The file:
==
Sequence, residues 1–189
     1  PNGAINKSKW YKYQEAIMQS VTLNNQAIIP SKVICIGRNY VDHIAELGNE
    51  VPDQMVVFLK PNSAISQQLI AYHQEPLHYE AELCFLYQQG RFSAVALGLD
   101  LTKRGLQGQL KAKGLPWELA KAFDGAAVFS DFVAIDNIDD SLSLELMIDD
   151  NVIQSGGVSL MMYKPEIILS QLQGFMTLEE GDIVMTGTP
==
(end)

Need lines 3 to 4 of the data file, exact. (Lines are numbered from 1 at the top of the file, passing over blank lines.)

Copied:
    51  VPDQMVVFLK PNSAISQQLI AYHQEPLHYE AELCFLYQQG RFSAVALGLD
   101  LTKRGLQGQL KAKGLPWELA KAFDGAAVFS DFVAIDNIDD SLSLELMIDD